The division is therefore between two conceptions of the real, rather than between content or form, experiment or commitment. On the one hand, there is the Bazinian conception of the world as already there, always given, a “seamless robe of reality” that cinema can approach but never touch, and in relation to which the essence of cinema becomes a critical engagement with the forms of representation. Developing the models of Robert Bresson and Roberto Rossellini, this line of figurative investigation has proven to be the most prodigious in modern French cinema, notably in the work of Marcel Hanoun, Jacques Rozier, Jacques Rivette, Jean-Marie Straub and Danide Huillet, Jean Eustache, Philippe Garrel, Maurice Pialat, Christian Boltanski, Ange Leccia ... But there exists another conception of the world that sees the real as never definitively given, a real that remains to be decided and that cinema can precisely help to transform. Whereas the first notion of the real-as-given addresses the moral consciousness of the spectator, this second conception of the real-to-change addresses the spectator as citizen, capable of political action. This real-to-change has produced two further vital tendencies in modern French cinema. First, there is a political cinema of contestation, of counter-information, of ‘social intervention’, to use René Vautier’s expression, a cinema that engages with the world in a historical struggle whose outcome it believes it can influence. Second, there is a vein of ‘useless’ experimentation, to use Jonas Mekas’s term: in other words a cinema that is unruly and asocial, irretrievably committed to ever more radical research, as if by defying all the formal' conventions and institutional demands of its time, a purely experimental cinema could already assert the existence, here and now, of another world. Since 1960, therefore, three equally rich areas of experimentation have existed side by side: figurative investigation; social intervention; and irreconcilable research. As we shall now see, however, the most significant works of the last forty years have transgressed such boundaries in order to create their own legitimacy. In the following pages, it is above all their story that this history of forms will endeavour to record and relate.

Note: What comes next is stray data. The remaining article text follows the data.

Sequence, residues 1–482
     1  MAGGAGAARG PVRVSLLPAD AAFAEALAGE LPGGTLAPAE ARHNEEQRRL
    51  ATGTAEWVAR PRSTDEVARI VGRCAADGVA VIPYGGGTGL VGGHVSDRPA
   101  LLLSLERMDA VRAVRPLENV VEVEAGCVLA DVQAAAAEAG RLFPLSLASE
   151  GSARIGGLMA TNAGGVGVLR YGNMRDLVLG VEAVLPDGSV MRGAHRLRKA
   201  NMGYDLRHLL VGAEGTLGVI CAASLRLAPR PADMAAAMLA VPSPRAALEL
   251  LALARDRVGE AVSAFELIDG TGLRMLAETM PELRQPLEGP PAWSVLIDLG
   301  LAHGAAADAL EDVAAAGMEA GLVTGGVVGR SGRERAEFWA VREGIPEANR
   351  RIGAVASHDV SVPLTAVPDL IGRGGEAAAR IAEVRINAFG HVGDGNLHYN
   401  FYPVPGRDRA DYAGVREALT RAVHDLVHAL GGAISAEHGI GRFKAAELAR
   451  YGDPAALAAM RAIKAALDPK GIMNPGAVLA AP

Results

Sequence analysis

Cinema Ripped from The Real